The Calming of a Storm

I awaken to rain coming down and go quickly to the window where it is raining in and I close it and I sigh that it has to be closed away. I love rain.

Within moments it pelts hard and I go to the big glass door and slide the blinds away and watch trees swaying and bending in crazy directions with startling swiftness, water blowing in sheets changing direction mid-air.

Another storm, but not like the last one, filled with fury.

My normal routine is interrupted as lightning streaks across the sky too close and cracks quickly and I unplug my computer to keep it extra safe from surges, gather up my book and green plaid blankie and pillow and curl up on the couch where I can hear the rain loud and feel the breeze blowing through.

I read about suds and sanctuary and slowing down and I lie there with book propped on empty tummy and muse at the picture of filling with thoughts that nourish far more than food ever could.

I absorb it all, three or four pages of wisdom so dense it makes me sleepy again. I lay the book on my tummy upside down like a little roof and close my eyes and pull green plaid softness under my chin and rest.

Storm calms but rain is still falling and I think how much I love the sound of the dripping, the soothing away of worry and anguish from a broken yesterday and the promise of a rain-washed today, another day the Lord has made.

An hour goes by and I rouse to the beeping of a message and would probably ignore it but then I think about how I don’t want to sleep away such beautiful hours filled with rain and wind and thunder. I toss aside green plaid and hear my pen fall through the couch cushions to the floor. Squeezing my hand into the gap, I wince a bit and grasp it barely and fish it back out.

I will need it for the underlining of this new day.

The Blessing of Brokenness (231-250)

I was broken today.

Cracked open, heart beating hard, soul bleeding, drained out onto the carpet.

I turned from my desk, walked to our big canopy bed, crawled in on his side because I needed him, and wept myself to sleep.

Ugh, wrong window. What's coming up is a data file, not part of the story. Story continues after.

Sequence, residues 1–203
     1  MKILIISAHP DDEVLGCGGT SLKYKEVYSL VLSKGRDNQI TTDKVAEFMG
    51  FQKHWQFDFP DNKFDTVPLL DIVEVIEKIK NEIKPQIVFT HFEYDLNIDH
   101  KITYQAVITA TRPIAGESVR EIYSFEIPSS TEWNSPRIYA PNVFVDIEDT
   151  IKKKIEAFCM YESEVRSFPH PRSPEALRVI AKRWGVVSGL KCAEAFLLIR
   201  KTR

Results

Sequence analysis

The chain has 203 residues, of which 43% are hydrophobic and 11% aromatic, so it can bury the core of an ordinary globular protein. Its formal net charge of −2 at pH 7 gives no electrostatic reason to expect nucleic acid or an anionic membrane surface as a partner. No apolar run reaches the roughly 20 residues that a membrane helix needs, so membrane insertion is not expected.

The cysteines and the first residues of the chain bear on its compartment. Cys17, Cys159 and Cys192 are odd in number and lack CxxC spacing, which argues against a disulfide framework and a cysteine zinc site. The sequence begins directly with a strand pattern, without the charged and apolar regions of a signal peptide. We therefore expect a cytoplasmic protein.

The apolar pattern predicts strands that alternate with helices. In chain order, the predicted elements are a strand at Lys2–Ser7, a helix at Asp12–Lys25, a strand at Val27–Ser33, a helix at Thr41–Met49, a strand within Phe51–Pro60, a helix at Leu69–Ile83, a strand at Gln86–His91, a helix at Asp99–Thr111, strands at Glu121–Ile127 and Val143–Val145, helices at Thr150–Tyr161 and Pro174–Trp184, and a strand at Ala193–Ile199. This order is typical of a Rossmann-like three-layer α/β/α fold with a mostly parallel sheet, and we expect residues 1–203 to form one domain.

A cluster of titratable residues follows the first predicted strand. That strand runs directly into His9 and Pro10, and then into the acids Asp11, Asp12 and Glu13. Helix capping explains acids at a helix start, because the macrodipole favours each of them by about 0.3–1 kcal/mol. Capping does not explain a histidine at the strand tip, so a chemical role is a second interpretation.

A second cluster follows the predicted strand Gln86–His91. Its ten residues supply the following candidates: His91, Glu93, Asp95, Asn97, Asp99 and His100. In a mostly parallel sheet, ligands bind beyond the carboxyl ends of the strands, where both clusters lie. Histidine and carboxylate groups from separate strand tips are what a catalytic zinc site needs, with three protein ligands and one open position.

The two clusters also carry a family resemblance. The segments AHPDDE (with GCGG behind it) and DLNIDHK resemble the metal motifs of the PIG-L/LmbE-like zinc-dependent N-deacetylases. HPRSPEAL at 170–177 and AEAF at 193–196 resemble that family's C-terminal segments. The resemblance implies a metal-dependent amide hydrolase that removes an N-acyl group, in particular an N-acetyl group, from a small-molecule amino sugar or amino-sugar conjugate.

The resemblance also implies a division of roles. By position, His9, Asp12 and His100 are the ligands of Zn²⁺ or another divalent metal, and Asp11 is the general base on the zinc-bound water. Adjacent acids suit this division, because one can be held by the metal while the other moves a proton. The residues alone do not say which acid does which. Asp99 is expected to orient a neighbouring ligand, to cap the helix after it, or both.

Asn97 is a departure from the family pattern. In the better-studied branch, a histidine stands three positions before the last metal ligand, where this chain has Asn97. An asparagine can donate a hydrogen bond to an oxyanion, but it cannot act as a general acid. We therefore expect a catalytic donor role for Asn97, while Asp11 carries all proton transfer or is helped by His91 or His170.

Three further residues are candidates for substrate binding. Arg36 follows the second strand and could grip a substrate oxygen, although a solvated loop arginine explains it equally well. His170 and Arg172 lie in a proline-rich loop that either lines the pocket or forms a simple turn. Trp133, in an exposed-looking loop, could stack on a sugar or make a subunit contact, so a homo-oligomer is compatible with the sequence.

My chest hurt when I woke up. I found out later my husband’s had been hurting all day. He didn’t know about my brokenness, but he felt it.

Ironic that Ann‘s post for today was “When You’re Feeling a Bit Broken”. A bit? So much more.

But not broken like Him. Still never as broken as Him.

And as I remember Him, and as He re-members me, I ask Him to never let me forget what it felt like to hurt over Truth.

Because He hurt over it. I didn’t die today, but He died for me for life and for days like today when all I wanted to do was curl up in His arms and be lost in Him. Or found.

Now, wrung out and weary from the fray, I rest in Him.

His arms are a safe place for the broken to rest.

To be made whole the way only He can make one whole.

Tonight I re-member.

The counting of gifts continues.

231. Living in the happily ever after
232. Baby girl screechy noises
233. A cousin happier for finding me
234. Sweet little grandgirl all fussy and tiredish and rubbing her eyes
235. My Mattie, home for two days
236. Rain trickling down, thunder gently rolling, gifts of grace
237. Smooth transitions
238. The buying of a wedding dress, the becoming of a bride
239. Sweet tea
240. Teen girls laughing, building memories
241. Coconut cream pie (and a buddy to share it with)
242. Dinner at the Hard Rock
243. Lovely girl turning 21, smile all alight
244. Lora feeling better
245. Tears collected in a sea of crystal
246. “I have no greater joy than to hear that my children are walking in the truth.” (3 John 1:4)
247. Loved ones who believe in me (and remind me what it was like to believe in myself)
248. Being re-membered
249. Hunger
250. My beloved, my best friend